An international race is on to develop driverless cars that will free our cities from congestion, and there are trillions of dollars at stake.
With Google currently seen to be leading the race to develop driverless cars commercially, eight or more car manufacturers have made it clear that they are also in it to win it, or at least share in the enormous potential profits. These include Audi, Daimler, Delphi, Ford, General Motors, Nissan, BMW, Tesla, and Volvo.
A recent Forbes news report that names interested vehicle manufacturers also points out that “trillions are at stake.” With new vehicle sales in the US accounting for a mere 19 percent of global auto sales, the potential is astounding – especially since income relating to the annual US automotive industry tops more than $2.5 trillion. National Automobile Dealers Association (NADA) figures show that new vehicles accounted for $464.3 billion in 2014 alone.
The same report also claims that driverless taxis would disrupt the US car rental trade by some $26 billion. This could impact dramatically on public transportation as a whole, even as frontrunners developing driverless cars will be sure to make money, and lots of it.
At the same time, it will also depend whether “driverless” cars are completely unmanned or not. While Google is aiming for totally autonomous, driverless cars, Tesla, for example, has said it will focus on autopilot and release drivers from “tedious tasks” rather than get rid of the driver completely.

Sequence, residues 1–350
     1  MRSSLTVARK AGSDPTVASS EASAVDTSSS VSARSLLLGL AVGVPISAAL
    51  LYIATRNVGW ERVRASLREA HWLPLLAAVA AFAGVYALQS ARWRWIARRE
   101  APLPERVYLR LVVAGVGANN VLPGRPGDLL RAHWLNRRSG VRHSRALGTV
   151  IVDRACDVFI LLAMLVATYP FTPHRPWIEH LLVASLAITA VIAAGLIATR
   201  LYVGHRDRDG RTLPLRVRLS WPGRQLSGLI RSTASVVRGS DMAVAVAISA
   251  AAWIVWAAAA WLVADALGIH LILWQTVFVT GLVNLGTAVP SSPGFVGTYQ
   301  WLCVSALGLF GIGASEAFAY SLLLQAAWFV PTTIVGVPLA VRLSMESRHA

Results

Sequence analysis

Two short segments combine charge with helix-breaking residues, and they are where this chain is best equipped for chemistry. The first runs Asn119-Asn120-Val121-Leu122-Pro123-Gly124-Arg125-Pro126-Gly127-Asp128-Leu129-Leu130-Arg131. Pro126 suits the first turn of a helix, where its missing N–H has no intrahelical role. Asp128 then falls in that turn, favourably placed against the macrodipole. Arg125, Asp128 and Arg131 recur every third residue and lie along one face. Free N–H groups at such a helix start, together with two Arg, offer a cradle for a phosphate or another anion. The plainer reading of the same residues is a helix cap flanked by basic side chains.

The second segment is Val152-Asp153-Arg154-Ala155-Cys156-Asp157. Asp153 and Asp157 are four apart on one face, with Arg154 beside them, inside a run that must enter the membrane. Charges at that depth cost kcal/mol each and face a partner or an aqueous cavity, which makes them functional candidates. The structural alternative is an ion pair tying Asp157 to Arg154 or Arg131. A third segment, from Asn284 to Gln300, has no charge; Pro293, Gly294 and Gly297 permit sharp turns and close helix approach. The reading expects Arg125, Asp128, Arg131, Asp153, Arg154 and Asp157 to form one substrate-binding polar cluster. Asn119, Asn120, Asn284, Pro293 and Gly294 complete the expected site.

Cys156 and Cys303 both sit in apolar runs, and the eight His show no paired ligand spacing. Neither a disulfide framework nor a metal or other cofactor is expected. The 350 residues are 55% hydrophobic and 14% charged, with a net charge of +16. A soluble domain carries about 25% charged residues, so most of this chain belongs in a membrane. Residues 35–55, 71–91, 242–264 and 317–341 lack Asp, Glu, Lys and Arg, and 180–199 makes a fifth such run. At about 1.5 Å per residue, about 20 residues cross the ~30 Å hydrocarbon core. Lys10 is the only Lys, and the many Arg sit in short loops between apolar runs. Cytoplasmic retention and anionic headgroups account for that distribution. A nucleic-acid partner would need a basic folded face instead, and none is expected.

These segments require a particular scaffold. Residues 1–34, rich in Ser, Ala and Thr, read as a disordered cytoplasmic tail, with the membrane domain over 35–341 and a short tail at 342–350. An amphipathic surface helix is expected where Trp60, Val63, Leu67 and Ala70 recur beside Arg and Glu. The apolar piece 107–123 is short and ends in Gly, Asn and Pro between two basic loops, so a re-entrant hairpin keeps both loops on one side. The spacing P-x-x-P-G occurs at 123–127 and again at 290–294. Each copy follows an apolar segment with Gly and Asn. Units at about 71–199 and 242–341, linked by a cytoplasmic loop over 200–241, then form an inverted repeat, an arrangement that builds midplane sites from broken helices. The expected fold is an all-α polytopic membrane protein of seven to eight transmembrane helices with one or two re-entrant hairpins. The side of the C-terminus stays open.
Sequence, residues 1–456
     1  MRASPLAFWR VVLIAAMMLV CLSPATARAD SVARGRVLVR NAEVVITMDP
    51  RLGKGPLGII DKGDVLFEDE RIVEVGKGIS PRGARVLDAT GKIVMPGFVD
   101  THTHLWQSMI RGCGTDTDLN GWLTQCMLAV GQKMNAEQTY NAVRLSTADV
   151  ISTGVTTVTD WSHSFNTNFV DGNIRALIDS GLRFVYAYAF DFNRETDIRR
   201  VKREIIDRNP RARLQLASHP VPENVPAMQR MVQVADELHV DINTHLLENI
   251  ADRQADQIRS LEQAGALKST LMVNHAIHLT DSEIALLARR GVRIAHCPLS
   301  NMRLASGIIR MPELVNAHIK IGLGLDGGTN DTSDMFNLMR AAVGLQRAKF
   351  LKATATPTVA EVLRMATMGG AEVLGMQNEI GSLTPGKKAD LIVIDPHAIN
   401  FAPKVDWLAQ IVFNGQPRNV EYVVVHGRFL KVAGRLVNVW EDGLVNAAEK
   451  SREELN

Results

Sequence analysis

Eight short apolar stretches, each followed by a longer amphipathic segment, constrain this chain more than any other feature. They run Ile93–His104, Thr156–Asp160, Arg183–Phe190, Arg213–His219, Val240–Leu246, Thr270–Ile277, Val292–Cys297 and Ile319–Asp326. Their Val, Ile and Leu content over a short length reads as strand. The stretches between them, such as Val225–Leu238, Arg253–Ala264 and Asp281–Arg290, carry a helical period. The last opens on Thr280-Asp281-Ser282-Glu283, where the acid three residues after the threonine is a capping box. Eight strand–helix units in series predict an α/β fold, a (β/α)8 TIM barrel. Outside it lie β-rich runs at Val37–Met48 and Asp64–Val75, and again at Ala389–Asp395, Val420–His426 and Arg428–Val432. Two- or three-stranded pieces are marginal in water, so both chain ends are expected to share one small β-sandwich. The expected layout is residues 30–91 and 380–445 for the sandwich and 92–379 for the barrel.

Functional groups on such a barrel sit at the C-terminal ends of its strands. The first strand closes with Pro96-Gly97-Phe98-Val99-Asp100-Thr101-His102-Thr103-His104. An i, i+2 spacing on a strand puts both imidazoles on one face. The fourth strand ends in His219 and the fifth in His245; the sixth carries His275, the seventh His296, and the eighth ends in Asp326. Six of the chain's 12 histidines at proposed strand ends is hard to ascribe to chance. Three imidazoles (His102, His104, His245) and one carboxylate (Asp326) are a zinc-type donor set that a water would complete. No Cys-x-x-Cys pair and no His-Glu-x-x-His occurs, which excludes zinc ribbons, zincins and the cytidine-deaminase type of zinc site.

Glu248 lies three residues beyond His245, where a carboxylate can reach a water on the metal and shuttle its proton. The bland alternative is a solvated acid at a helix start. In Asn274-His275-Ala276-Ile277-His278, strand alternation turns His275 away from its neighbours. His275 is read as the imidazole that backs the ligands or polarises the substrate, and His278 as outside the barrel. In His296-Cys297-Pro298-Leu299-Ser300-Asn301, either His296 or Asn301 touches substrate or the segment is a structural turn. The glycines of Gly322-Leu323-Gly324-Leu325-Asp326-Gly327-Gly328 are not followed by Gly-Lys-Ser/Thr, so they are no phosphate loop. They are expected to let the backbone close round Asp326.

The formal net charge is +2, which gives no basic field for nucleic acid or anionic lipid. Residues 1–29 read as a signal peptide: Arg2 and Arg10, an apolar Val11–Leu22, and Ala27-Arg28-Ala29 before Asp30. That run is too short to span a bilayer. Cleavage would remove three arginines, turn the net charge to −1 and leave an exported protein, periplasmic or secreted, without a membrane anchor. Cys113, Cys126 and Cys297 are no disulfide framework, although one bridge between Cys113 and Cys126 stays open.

Another issue is safety.
Google announced this week that the self-driving cars it has been testing in California – on the open road, including highways – have been involved in a total of 11 accidents during the past six years. The company maintains that all accidents were “minor” and that the cars weren’t the cause of any of the accidents. The claim is that other drivers crashed into driverless cars (so not my fault).
According to Google’s director of the self-driving program, Chris Urmson, rear-end crashes account for the most accidents in the US, “and often there’s little the driver in front can do to avoid getting hit.”
This might sound minimal, but in real terms, these accidents involved four of the 48 self-driving cars on Californian roads (8.3 percent), and they all happened in the past eight months since it became mandatory to report all accidents being tested on public roads. One car belonged to Delphi (that supplies parts), and the others to Google.
Whatever the impact (physical or financial) companies that don’t want to get rid of drivers totally have some confidence that drivers can prevent accidents. This becomes a real issue when conditions aren’t perfect, says Pat Bassett, vice president of the North American research and engineering center for Denso. For this reason there are, he says “still some technical challenges and some legal issues that have to be resolved.”
After all, if nobody is driving, who will be held responsible?
Nevertheless when and if self-driving cars become a daily reality, there is no doubt that traffic patterns will change.
A new study by the International Transport Forum (ITF) indicates how driverless cars are likely to change traffic congestion in the world’s cities. “Impact on travel volume Shared and self-driving fleets hold much promise for reducing the number of cars in our cities…”
Ultimately, self-driving cars could remove nine out of ten cars from city streets and make them redundant. This scenario would free up vast amounts of public space that would not need to be used for parking. The question is probably not how many driverless cars will ultimately take to the streets of USA, but which companies will make money from them.
By Penny Swift